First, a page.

Black & White & Borrowed

December 19, 2011

When it’s done right is a great look.  The combination of black and white can go bad quickly, were not far enough away from the 80’s to revisit it just yet.  I think Bijan! (remember that crazy guy?) and wide black and white stripes when I hear black and white, but it can be done with a modern and fresh perspective.  The spare cleanliness of this dining room and the sleek chairs help make this black and white room work and the antlers and grouping of black and white art also have a modern (rustic modern?) vibe.  I think the key to todays black and white is to not go to the glitzy.  Save the crystal chandeliers and gold rococo tables for the tonal and colorless room in your house and let the black and white room be humble and a bit more urban to keep it’s “cool”.

Speaking of keeping your cool.  Hey, it’s just my opinion but this jacket will get you through the holidays and right through the new year in style.  Available from JCrew, the Ludlow tuxedo jacket looks good with your favorite plaid trousers, grey flannels and of course your favorite pair of dark rinse skinny jeans.  An open collared white dress shirt will suffice for most occasions but you can mix it with a black dress shirt or a tartan plaid dress shirt if you dare.  A sleek black shoe will complete the look… wing-tip, loafer, slipper, what-have-you.

And from Dornob…

Moiré is at once a traditional French word for a wavy-patterned textile and a (related) modern word for a kind of interference pattern in physics that occurs when overlapping two elements – here, in black and white, both meanings work together.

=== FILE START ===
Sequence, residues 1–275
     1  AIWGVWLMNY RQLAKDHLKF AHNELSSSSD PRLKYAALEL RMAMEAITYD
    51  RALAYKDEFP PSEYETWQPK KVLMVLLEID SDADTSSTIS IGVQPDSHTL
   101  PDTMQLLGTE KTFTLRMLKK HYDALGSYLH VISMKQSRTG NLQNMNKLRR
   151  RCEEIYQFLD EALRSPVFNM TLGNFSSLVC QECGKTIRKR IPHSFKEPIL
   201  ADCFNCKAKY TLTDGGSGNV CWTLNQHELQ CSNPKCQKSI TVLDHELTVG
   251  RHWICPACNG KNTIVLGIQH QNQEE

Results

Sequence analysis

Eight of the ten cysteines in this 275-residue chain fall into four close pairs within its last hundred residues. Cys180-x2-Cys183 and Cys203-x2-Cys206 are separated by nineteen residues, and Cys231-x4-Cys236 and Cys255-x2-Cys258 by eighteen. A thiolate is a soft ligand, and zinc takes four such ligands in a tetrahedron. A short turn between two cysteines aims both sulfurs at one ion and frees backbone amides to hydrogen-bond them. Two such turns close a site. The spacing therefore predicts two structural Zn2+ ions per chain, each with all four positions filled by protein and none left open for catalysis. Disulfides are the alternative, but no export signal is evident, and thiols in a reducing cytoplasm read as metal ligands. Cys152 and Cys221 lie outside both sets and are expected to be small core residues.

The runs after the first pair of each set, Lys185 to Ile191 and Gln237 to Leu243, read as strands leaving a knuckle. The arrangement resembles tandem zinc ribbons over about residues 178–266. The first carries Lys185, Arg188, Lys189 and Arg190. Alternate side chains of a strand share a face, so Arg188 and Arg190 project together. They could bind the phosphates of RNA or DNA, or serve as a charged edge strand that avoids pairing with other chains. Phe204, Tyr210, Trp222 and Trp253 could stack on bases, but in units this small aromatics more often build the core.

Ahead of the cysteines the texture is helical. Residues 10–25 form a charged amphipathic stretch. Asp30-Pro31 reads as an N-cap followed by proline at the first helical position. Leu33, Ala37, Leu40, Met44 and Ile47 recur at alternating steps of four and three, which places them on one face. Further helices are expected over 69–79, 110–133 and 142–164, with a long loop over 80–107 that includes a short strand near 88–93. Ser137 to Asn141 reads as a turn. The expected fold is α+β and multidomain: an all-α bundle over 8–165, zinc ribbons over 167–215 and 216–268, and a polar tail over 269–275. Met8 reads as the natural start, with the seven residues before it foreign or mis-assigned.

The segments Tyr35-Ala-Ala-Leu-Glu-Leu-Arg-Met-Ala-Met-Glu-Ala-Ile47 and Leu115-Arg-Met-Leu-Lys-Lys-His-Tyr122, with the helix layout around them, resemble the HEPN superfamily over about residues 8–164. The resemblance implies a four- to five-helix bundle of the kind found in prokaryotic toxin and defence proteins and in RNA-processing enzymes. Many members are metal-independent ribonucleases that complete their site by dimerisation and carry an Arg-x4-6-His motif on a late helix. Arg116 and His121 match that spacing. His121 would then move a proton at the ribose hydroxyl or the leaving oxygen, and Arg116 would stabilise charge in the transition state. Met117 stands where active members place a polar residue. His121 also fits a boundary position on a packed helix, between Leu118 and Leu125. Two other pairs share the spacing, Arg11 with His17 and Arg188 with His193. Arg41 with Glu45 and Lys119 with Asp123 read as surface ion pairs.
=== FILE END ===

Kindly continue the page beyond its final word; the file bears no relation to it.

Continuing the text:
The key is the coffee table, which turns a static, somewhat-abstracted school of fish and makes them swim when the viewer moves around it – its surface frames the carp like a tank would to complete the optical illusion.  And it’s not just a concept design – there is an actual prototype, though mass production, well, that might take some time yet (though hopefully a Red Dot Design award will give it a little push upstream).

“Mythologically, the carp symbolizes bravery and fortune.” And if you hadn’t guessed … Clarke Hopkins Clarke has this to say of the fanciful Carp Pet title: “Linguistically, the “carp” becomes a humorous extraction of the “carpet” that reveals this intriguing little conversational piece on the floor.

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